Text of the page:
Fears for civilians grow in Sri Lanka conflict

January 28, 2009 12:00 am

, MULLAITTIVU, Jan 28 – Sri Lankan troops have battled Tamil Tigers for control of the last stretch of rebel-held coastline, as international fears mounted for 250,000 civilians caught in the conflict.

Soldiers backed by tanks and air cover fought to capture 30 kilometres (18 miles) of seafront, the only territory still controlled by the retreating rebels, Brigadier Nandana Udawatte told reporters taken to the area.

As the government said its offensive to end the separatists’ decades-long campaign was entering its final stages, UN Secretary General Ban Ki-moon expressed strong concern over the fate of civilians trapped in the war zone.

In a further indication of international concern, Indian Foreign Ministe Pranab Mukherjee – on a surprise visit to Sri Lanka – called for urgent measures to protect civilians caught up in the island’s ongoing fighting, officials said.

Mukherjee held talks with President Mahinda Rajapakse and left early Wednesday after extracting assurances of safety for Tamil civilians amid reports that hundreds had been killed and many more wounded.

"The Sri Lankan government has reassured that they would respect the safe zones and minimise the effects of conflict on Tamil civilians," the Indian High Commission (embassy) here said in a statement after the urgent talks.

At least 178 have been killed and another 725 wounded in fighting during January as Sri Lankan forces made rapid progress against the rebels, a local health official T. Satyamurthy said.

"We don’t have any staff or medicine. Security is a major problem, so we can’t work properly," Satyamurthy said.

The International Committee of the Red Cross (ICRC) in a statement from its Geneva headquarters said a major humanitarian crisis was unfolding in northern Sri Lanka where about 250,000 people were trapped.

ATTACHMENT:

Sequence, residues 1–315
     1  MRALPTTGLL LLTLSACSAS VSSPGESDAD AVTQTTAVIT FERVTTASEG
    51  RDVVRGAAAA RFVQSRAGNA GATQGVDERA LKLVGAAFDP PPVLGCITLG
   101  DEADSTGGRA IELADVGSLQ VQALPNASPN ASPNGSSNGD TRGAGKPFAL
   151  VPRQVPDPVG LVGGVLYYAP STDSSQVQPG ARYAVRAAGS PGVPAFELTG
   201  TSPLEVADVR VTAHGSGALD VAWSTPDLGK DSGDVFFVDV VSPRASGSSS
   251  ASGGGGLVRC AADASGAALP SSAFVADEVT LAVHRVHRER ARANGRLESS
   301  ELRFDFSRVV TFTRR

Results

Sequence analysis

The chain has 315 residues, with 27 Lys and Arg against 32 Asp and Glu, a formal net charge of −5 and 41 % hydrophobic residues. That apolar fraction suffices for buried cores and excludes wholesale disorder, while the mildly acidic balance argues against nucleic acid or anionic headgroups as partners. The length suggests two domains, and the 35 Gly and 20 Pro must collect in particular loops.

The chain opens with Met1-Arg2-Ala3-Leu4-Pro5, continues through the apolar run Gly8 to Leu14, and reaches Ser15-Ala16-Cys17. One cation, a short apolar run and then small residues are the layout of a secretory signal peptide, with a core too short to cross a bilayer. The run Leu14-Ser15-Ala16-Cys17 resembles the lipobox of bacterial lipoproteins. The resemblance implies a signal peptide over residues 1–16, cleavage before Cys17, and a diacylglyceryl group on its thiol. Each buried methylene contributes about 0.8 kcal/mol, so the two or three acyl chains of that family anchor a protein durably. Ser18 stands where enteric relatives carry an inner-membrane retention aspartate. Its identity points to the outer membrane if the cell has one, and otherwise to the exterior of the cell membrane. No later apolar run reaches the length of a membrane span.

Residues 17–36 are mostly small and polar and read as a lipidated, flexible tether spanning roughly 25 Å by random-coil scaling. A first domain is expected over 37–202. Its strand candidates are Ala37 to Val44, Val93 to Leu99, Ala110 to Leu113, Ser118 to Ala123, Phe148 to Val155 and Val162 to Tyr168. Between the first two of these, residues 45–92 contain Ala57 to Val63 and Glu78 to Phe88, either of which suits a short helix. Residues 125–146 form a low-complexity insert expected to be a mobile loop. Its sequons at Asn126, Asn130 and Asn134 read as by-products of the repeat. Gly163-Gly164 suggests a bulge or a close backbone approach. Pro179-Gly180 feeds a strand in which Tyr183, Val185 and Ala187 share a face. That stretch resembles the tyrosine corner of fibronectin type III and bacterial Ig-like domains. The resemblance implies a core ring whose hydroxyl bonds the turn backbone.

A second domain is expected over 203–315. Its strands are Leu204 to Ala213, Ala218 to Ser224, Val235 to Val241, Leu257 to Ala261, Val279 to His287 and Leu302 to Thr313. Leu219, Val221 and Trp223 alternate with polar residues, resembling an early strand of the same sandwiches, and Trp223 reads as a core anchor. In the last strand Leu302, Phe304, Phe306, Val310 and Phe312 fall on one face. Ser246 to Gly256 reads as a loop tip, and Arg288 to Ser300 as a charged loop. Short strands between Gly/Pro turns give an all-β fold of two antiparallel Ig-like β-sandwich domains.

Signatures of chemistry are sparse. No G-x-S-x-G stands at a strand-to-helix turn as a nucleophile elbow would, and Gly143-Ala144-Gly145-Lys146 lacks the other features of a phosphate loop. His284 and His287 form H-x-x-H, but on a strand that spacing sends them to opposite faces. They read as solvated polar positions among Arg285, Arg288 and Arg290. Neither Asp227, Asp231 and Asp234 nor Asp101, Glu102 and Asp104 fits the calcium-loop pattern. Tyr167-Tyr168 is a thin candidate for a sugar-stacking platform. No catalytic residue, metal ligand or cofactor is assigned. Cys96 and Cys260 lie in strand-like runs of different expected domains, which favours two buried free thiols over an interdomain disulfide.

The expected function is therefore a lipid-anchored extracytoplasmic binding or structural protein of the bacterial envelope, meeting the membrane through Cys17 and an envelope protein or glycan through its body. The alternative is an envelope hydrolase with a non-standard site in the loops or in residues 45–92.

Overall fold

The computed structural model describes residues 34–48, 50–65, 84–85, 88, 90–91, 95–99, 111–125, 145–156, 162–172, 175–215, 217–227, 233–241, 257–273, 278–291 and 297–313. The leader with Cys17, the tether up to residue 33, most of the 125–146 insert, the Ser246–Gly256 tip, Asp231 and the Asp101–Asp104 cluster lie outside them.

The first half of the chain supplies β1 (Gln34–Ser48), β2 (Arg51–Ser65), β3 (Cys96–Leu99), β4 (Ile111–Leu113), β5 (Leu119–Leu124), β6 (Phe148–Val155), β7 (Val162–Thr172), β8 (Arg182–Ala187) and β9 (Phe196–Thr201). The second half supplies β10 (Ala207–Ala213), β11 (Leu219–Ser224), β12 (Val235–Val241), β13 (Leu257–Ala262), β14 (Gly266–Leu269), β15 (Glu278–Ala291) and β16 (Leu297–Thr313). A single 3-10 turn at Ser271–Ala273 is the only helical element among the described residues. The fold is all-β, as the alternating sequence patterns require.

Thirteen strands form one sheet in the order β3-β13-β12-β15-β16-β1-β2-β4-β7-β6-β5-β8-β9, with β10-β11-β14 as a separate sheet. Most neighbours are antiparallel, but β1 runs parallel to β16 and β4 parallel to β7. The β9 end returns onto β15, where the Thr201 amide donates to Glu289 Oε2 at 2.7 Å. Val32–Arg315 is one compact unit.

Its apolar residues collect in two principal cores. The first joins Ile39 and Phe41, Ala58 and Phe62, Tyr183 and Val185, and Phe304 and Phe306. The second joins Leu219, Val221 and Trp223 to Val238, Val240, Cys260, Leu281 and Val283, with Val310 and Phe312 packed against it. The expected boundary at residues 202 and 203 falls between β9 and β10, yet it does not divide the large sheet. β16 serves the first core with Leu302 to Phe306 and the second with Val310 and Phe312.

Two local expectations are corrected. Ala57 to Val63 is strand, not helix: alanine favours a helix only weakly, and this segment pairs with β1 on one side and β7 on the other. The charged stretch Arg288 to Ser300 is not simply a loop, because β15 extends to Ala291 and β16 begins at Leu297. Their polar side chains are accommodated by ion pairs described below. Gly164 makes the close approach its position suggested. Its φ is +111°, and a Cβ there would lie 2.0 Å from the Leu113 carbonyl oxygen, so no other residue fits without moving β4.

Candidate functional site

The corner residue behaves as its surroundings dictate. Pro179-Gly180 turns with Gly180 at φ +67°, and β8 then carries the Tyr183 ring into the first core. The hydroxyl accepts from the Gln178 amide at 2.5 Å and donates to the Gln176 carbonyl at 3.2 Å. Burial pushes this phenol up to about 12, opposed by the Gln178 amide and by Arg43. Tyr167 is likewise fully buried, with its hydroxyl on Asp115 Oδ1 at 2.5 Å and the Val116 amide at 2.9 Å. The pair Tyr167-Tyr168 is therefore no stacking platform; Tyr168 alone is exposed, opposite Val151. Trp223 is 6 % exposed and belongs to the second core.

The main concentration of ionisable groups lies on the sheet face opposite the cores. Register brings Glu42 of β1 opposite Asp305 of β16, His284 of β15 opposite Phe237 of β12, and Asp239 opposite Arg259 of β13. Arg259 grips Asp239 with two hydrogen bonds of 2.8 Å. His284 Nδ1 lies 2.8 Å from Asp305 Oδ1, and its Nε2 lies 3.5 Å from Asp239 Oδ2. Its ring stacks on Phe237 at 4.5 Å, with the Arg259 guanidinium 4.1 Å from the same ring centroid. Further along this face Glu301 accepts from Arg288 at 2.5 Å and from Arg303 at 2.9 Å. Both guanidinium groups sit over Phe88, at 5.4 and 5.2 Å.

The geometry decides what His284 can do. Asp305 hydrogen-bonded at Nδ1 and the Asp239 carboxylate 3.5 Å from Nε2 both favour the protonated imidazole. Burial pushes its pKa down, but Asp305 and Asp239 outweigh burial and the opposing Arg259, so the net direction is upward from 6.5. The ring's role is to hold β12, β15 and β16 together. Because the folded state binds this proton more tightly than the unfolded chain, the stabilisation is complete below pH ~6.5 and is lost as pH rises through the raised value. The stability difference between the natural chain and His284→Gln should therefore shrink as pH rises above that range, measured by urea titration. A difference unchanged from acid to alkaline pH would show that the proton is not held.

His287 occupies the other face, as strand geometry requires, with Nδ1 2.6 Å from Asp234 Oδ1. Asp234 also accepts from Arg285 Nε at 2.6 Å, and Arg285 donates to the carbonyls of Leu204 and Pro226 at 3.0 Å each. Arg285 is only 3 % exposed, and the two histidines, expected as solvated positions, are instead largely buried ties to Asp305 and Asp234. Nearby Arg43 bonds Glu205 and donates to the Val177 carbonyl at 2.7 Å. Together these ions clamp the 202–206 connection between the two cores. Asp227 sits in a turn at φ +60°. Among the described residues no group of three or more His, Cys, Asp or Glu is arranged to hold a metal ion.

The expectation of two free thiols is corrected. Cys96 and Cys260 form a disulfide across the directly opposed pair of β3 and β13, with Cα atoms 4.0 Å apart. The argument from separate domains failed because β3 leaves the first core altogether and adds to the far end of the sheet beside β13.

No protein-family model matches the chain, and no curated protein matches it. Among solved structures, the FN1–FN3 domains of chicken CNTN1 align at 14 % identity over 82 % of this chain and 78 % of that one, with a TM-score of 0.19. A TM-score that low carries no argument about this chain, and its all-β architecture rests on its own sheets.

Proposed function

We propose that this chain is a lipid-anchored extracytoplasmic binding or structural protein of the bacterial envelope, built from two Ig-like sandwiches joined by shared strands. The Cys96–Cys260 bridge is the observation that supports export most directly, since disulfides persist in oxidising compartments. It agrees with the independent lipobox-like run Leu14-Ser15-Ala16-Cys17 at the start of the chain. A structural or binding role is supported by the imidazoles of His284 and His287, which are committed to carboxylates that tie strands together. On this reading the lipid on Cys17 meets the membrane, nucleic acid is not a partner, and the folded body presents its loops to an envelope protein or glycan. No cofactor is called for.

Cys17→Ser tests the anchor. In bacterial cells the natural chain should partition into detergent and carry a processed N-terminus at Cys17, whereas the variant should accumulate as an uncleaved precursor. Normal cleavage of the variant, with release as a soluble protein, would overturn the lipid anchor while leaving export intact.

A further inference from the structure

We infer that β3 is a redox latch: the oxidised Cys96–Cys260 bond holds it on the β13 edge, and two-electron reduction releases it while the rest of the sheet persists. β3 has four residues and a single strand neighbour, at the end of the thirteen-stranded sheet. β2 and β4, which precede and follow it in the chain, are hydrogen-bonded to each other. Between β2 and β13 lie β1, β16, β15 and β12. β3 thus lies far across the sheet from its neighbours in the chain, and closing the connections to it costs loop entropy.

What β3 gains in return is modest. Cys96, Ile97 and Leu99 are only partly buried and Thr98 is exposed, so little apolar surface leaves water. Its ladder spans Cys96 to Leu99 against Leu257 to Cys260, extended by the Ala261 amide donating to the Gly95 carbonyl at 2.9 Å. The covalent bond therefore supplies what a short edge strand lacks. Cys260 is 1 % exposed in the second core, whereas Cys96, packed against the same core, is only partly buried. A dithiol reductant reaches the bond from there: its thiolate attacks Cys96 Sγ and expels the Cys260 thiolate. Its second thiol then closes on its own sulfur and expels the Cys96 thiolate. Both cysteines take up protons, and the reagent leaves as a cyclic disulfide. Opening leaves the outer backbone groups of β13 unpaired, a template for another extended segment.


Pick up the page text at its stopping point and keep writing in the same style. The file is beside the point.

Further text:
Medical facilities there were overwhelmed by "hundreds of dead and scores of wounded," it said.

"It’s high time to take decisive action and stop further bloodshed because time is running out," said Jacques de Maio, ICRC head of operations for South Asia. He said people were being caught in the crossfire.

Sri Lanka has dismissed charges of widespread civilian deaths, with military spokesman Brigadier Udaya Nanayakkara saying any such claims were part of a "cheap propaganda exercise" by the Tigers.

Sri Lanka’s foreign minister Rohitha Bogollagama said Tuesday Colombo was doing its utmost to spare civilians in the fight against Tamil Tigers.

Saying the government could "absolutely" guarantee civilian safety, Bogollagama said Tamil Tiger (LTTE) rebels operating in the north of the country were using civilians as human shields.

"They (Tigers) may want to target the military but they may not mind the civilian suffering because that prevents the civilians from moving beyond, fearing the artillery attacks on them," he told AFP in Brussels.

Bogollagama, who met EU and Belgian officials in Brussels, said the LTTE had even started targeting the army from no-fire zones set up to allow civilians to escape to safer areas.

The Sri Lankan foreign minister urged European leaders to prevent the Tamil Tigers’ support network abroad from operating freely.

There were no civilians in the bombed-out town of Mullaittivu when journalists were given a tour on Tuesday, two days after troops captured the Tigers’ military headquarters and drove the rebels deeper into the jungle.

"We are moving along the coast as well as to the northwest towards another pocket of Tiger resistance," said Udawatte, the commander of the operation to retake the town, which was the last rebel urban stronghold.

Udawatte said his troops had killed more than 2,000 Tamil rebels and wounded nearly 3,000 in the year-long battle for Mullaittivu.

Battlefield claims from either side cannot be verified as journalists are barred from travelling to the conflict zone on their own.

Sri Lanka’s army Chief Lieutenant General Sarath Fonseka has expressed hopes of defeating the Tiger rebels completely by April.

The whereabouts of rebel leader Velupillai Prabhakaran is not known, but a spokesman for the Liberation Tigers of Tamil Eelam (LTTE) was reported as saying that he was still in Mullaittivu district and had vowed to fight back.

Sri Lankan commanders had speculated that Prabhakaran had fled the island by sea.

"It is malicious propaganda — our leader is still with us — our leader is giving leadership to our freedom struggle. He is with our people," the BBC quoted the Tiger political wing leader B. Nadesan as saying.

The Tigers are widely expected to return to fighting a guerrilla war from hidden jungle bases.

Neighbouring India sent its foreign minister, Pranab Mukherjee, to discuss the issue, while the US ambassador Robert Blake urged both sides to "ensure civilians are not caught in crossfire."


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